Victoria mother collecting 1,000 paper cranes for daughter struggling with cancer


WATCH: One thousand paper cranes. In Japanese culture, it’s a symbol of hope, and one Victoria mother says that’s just what her family needs in time for Christmas. Her daughter is fighting leukemia and recently recovering from a stem cell transplant. Now her mom is hoping the public will help deliver 1000 messages of hope in the form of paper cranes. Kori Sidaway has the story.

Fold by fold, Alison Lockhart is creating something, out of nothing.

“I can do this in my sleep. There’s my beautiful little crane,” said Lockhart.

One origami crane, of what she hopes will be a thousand.

“A thousand cranes has come to symbolize hope and peace and wish for something, something special,” said Lockhart.

And that special wish is for her daughter, Amy.

“She had gone to the hospital in the middle of the night. And the doctor came in and said ‘Amy you have leukemia,'” said Lockhart recalling the moment her daughter Amy found out she had cancer.

“A few hours later she was airlifted to Vancouver General hospital and started treatment right that evening.”

Three rounds of radiation treatment and a stem cell transplant since just this past March, Amy is spending the holidays recovering in isolation at VGH.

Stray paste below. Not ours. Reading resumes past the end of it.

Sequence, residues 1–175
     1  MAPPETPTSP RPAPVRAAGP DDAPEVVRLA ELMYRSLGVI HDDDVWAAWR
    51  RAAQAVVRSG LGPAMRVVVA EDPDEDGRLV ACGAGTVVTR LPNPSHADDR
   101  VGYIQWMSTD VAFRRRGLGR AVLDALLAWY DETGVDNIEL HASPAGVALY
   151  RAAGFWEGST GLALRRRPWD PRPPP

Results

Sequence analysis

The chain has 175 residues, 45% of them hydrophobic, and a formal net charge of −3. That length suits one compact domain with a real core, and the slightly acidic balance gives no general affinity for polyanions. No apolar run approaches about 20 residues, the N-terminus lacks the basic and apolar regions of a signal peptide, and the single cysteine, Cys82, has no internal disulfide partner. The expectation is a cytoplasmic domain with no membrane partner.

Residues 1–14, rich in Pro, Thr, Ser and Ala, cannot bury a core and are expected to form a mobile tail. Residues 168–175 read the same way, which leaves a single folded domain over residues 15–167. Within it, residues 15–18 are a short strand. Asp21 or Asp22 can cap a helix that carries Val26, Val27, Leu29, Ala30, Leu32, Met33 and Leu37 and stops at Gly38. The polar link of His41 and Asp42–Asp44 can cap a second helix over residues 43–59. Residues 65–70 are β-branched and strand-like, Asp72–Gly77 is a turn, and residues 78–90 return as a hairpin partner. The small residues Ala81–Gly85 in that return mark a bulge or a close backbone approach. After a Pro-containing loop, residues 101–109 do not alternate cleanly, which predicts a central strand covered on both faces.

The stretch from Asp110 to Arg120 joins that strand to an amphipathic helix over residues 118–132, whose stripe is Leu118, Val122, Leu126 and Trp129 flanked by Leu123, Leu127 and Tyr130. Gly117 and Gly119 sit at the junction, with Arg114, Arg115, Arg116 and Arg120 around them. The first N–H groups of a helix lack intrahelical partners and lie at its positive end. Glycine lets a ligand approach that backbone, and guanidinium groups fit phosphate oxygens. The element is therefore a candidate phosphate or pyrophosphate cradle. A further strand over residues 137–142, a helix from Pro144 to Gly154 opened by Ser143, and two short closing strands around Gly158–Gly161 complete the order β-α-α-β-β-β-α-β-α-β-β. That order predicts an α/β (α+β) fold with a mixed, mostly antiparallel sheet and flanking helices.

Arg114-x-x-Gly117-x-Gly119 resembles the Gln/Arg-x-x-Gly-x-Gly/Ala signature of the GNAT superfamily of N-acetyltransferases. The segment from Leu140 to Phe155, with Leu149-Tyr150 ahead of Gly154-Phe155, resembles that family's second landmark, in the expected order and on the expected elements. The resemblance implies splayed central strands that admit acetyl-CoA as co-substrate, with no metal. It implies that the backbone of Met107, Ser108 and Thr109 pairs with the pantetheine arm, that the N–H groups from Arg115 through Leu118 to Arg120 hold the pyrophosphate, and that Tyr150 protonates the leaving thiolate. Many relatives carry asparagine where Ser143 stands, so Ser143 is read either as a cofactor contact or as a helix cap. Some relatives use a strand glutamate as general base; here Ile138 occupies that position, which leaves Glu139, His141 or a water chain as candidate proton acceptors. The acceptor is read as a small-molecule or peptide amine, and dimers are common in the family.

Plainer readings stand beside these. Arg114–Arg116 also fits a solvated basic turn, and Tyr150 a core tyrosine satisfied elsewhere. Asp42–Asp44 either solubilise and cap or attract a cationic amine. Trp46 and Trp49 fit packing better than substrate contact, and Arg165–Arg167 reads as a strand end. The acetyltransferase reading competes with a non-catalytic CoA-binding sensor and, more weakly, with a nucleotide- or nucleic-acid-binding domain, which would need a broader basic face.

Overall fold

“Sometimes it’s hard to have hope when your daughter is going through all these horrible treatments and suffering so much and is in so much pain,” said Lockhart with tears in her eyes.

So, Lockhart set out to build her own hope.

And after Amy mentioning she remembered growing up with cranes in a bowl on their coffee table, she knew exactly what to do.

“I’m going to make you 1000 cranes for your own well wish,” said Lockhart.

She asked for the help of family and friends, even strangers, through a Facebook fundraiser set up to help with her daughter’s expenses, asking anyone who donates to include a message of hope for Amy, which she transcribes, then folds into tiny paper cranes.

“I hope your smile continues to brighten people’s lives as you kick cancer’s butt. Wishing you a peaceful recovery, surrounded by love and that’s by Natasha,” said Lockhart reading a well-wish someone has sent in.

Having received around 150 well-wishes so far, Lockhart is hoping more strangers will send their notes of hope in, to help Amy through the holidays.

“I can just feel it when I touch these cranes that were folded by strangers, that were all thinking about Amy when they were folding them,” said Lockhart.

“It gives me more hope. And I’m sure if it’s hard for me, just think about how hard it is for her. All she wants to do is live.”

And Lockhart is ready to do whatever she can to make her daughter’s wish come true — one by one, crane by crane.

Kori SidawayKori Sidaway

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